From Rus­sia, with love, to Trump’s cam­paign

Cam­paign ad­viser Carter Page worked as a banker in Rus­sia “There’s a lot of mis­per­cep­tions in the pub­lic un­der­stand­ing”

Bloomberg Businessweek (Asia) - - CONTENT - −Zachary Mider

In March, Carter Page trav­eled to a Phoenix sub­urb to hear Don­ald Trump ad­dress a rally. News re­ports fo­cused on pro­test­ers who were ar­rested try­ing to block a road, but Page says all he saw was a crowd of en­thu­si­as­tic sup­port­ers, many of them se­nior cit­i­zens, wait­ing in the hot sun for a chance to hear the can­di­date speak. He says the dis­so­nance re­minded him of what he’s seen in Rus­sia, where he’s worked fre­quently for more than a decade. “The three pro­test­ers who blocked the road, vs. the 20,000 peo­ple who were pos­i­tive and en­thu­si­as­tic,” he says. “There’s a lot of mis­per­cep­tions in the pub­lic un­der­stand­ing of things.”

Page, 44, has spent years do­ing deals in Rus­sia and Cen­tral Asia, and he has close ties to Gazprom, the state-run nat­u­ral gas com­pany. As a banker at Mer­rill Lynch, he helped the com­pany on some of its largest trans­ac­tions and also helped it court in­vestors in New York and Lon­don.

Now he’s among the ad­vis­ers Trump re­cently named in in­ter­views with the Wash­ing­ton Post and the New York Times. Page says his busi­ness back­ground gives him a dif­fer­ent per­spec­tive than “peo­ple from afar, sit­ting in the com­fort of their think tanks in Wash­ing­ton.” In es­says, many for the Bri­tish jour­nal Global Pol­icy, Page is a re­li­able de­fender of Rus­sian in­ten­tions and char­ac­ter­izes U.S. po­si­tions as trapped in a Cold War mind­set. That meshes with Trump’s ap­proach to­ward Moscow. The can­di­date has de­scribed Rus­sian Pres­i­dent Vladimir Putin as a “strong leader” and floated the idea of scal­ing back the U.S. com­mit­ment to NATO. “I think I would have a very good re­la­tion­ship with Putin,” Trump said last year.

Page, a grad­u­ate of the U.S. Naval Academy, served as a re­search fel­low to the House Armed Ser­vices Com­mit­tee and worked in the Navy’s nu­clear af­fairs and in­ter­na­tional ne­go­ti­a­tions branch at the Pen­tagon in the early 1990s. In 1994 he earned a mas­ter’s de­gree in na­tional se­cu­rity stud­ies from Ge­orge­town. He started with Mer­rill in 2000 and helped open its Moscow of­fice in 2004. When he left in 2007, Page says, many of Gazprom’s top of­fi­cials at­tended his go­ing-away party.

One for­mer Mer­rill banker in Rus­sia, Bernie Sucher, says Page “has a nu­anced and sub­tle ap­pre­ci­a­tion of the in­ter­play of pol­i­tics and en­ergy.” Other for­mer col­leagues are less com­pli­men­tary. Sergey Alek­sashenko, a Mer­rill ex­ec­u­tive in Rus­sia while Page was there and now an out­spo­ken Krem­lin critic, de­scribes Page as a ju­nior banker with lit­tle un­der­stand­ing of the coun­try. “I could not imag­ine Carter as an ad­viser on for­eign pol­icy,” Alek­sashenko says.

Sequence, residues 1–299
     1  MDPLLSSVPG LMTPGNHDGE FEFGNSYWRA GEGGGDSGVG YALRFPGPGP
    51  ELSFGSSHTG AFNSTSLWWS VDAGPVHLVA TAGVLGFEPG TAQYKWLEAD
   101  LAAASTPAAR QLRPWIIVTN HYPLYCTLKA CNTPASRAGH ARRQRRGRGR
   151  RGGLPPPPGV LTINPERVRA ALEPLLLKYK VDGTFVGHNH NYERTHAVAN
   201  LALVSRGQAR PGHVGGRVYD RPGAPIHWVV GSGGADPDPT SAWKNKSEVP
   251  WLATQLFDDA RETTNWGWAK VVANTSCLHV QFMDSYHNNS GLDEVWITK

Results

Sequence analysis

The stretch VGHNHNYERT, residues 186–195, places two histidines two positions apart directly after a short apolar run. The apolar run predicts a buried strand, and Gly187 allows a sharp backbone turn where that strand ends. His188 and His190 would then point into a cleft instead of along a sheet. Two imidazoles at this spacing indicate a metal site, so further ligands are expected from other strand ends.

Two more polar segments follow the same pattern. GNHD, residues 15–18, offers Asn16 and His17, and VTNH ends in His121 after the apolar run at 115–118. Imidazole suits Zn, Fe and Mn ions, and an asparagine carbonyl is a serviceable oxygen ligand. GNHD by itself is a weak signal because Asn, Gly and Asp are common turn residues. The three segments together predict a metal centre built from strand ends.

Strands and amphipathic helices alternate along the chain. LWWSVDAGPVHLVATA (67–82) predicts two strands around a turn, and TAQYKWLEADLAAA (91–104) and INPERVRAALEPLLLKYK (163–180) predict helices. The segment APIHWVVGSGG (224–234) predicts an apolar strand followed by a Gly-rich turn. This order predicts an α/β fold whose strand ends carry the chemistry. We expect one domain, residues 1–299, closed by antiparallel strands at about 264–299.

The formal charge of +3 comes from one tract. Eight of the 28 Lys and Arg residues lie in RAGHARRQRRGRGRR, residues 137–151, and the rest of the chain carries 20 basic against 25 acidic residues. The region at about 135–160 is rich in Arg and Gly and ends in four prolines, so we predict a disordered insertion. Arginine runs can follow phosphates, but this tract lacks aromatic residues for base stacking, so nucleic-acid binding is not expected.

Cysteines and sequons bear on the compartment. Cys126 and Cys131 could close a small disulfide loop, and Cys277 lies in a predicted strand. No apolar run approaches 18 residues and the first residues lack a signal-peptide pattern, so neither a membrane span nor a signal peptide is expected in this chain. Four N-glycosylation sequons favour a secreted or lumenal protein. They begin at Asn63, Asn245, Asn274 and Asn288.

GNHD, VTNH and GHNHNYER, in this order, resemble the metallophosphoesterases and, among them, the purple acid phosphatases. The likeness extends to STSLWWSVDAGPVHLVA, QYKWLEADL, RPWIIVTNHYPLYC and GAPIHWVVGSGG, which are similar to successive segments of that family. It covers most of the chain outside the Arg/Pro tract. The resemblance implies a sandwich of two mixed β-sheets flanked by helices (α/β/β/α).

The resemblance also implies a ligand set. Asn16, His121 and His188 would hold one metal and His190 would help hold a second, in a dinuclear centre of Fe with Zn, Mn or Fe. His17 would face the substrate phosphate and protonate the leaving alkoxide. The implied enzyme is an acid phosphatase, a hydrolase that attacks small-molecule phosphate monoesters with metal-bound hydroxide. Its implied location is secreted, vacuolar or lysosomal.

Page says he took a buy­out from Mer­rill Lynch in 2008 to start his own in­vest­ment and ad­vi­sory busi­ness, Global En­ergy Cap­i­tal. Plans for a $1 bil­lion pri­vate eq­uity fund for in­vest­ing in Turk­menistan evap­o­rated in the fi­nan­cial cri­sis; he’s mostly done ad­vi­sory work, coun­sel­ing for­eign in­vestors on buy­ing as­sets in Rus­sia. Page, who got an MBA from New York Univer­sity while he was at Mer­rill, also earned a Ph.D. in Near and Mideast Stud­ies from SOAS, Univer­sity of Lon­don. He says his ca­reer as a for­eign-pol­icy ex­pert has oc­ca­sion­ally suf­fered from skep­ti­cism over his busi­ness ties to Rus­sia and his fa­vor­able view of its lead­er­ship. “It is a ques­tion I get so fre­quently,” he says. “There’s a very neg­a­tive con­ven­tional wis­dom that these are all crooks and bad guys.”

In some of his deals, Page has worked with Sergey Yat­senko, a for­mer deputy chief fi­nan­cial of­fi­cer at Gazprom. “He un­der­stands what’s go­ing on in Rus­sia,” Yat­senko says. “He doesn’t make strong judg­ments.” One project, ac­cord­ing to Yat­senko, in­volved de­vel­op­ing nat­u­ral-gas-pow­ered ve­hi­cles in Rus­sia, pos­si­bly in partnership with Gazprom. The deal was put on hold af­ter the U.S. and Europe im­posed trade re­stric­tions in 2014 fol­low­ing Rus­sia’s an­nex­a­tion of Crimea from Ukraine. Gazprom, led by a for­mer Putin aide, is among the com­pa­nies tar­geted by the sanc­tions. “So many peo­ple who I know and have worked with have been so ad­versely af­fected by the sanc­tions pol­icy,” says Page, who is also an in­vestor in Gazprom. “There’s a lot of ex­cite­ment in terms of the pos­si­bil­i­ties for creat­ing a bet­ter situation.”

The bot­tom line A Trump for­eign pol­icy ad­viser worked as a banker for Mer­rill in Moscow and re­mains an in­vestor in Gazprom.

“There’s a very neg­a­tive con­ven­tional wis­dom that these are all crooks and bad guys.” —— Carter Page

Newspapers in English

Newspapers from Australia

© PressReader. All rights reserved.